Monday, October 26, 2009

First off, let me say that I'm off today, and if you are off too, then congrats, if not, I am not-so-silently mocking you.

Now, about a month ago, I openly mocked my lady's purchase of a brand, spanking new crockpot. She had mounted quite a persuasive campaign for why we needed a crockpot, and since I am pretty much naive to such things, I agreed thinking exciting things were going to be produced out of this device. However, for a good month, the crockpot simply sat in our kitchen. I kicked it by accident several times, I put my drink on it as a resting place, and I even sat on it one day as I typed on my laptop. All these uses were certainly valid and creative, but I was pretty damn sure this was not its original intent when it found its way into my damn apartment.

While my son was here, I suggested to my lady, that we have chili for dinner, and she took it one step further by suggesting we (meaning she) make it in the crockpot and I agreed. For whatever reason it didn't happen until yesterday, and man was it worth it. Around 11am, after she cooked breakfast (by the way I do cook and I have cooked, so this isn't a one-sided, Betty and Don Draper situation), she gathered all the chili ingredients (ground turkey, no beef) and put them in the crockpot. For the first two hours or so, I actually forgot something was cooking. But right around the end of the first quarter of the 1:00 football games, I started smelling the chili and getting hungry. It reminded me of Thanksgiving day, when you can smell the turkey cooking during football. And then once we ate the chili (with cornbread) it was a beautiful thing. Everything tasted lovely, and while I'm sure non-crockpot chili would have tasted grand, for the purposes of this blog entry, I'm going to act as if the crockpot version was better--because it was.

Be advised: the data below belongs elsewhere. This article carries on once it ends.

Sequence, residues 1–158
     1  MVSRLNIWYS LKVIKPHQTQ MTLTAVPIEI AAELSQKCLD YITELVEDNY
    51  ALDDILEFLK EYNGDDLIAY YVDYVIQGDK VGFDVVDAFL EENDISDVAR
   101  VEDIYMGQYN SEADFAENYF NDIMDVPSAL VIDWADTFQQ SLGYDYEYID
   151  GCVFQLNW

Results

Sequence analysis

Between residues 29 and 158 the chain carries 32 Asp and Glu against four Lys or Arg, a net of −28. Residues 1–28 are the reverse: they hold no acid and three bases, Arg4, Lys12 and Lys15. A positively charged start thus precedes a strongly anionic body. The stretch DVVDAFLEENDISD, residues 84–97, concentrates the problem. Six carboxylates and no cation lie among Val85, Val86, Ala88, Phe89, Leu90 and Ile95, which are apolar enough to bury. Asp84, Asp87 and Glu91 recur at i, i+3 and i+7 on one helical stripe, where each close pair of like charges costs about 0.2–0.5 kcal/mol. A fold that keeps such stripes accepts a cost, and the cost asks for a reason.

So I can no longer clown my lady about this damn crockpot. It works, its real and its spectacular.

Pat Benatar - Love is a Battlefield

Sunday, October 25, 2009

First off, I'd like for you to go read my Washington Wizards Season Preview

Second, I'd like to encourage you to go buy Eric Roberson's cd Music Fan First Even if you've never heard of him or his work, just trust me and go buy it, I wouldn't steer you wrong. I went to see him perform last night, and it was just a stellar performance. And as a fan of music, I feel like its my unofficial duty to spread the word.

Thirdly, I'd like to say that cab drivers should not be allowed to talk on their cell phone loudly and in another language. It doesn't exactly put me in the mood to pay for my fare, let alone tip your rude ass. On my way to a show last night, this cab driver had an earpiece in his ear, the radio down low, and he was talking loudly. No consideration was made for us the passengers AT ALL. Isn't that just common courtesy? I don't expect constant banter, but some small saluatations are in order I would think...

But yeah that's all for now. I must prepare for a day of football now.

Eric Roberson - Pretty Girl
This video is worth watching if for nothing else, than to see Mr. Roberson sing over Slum Village's song "Fall in Love" at the 5:30 mark.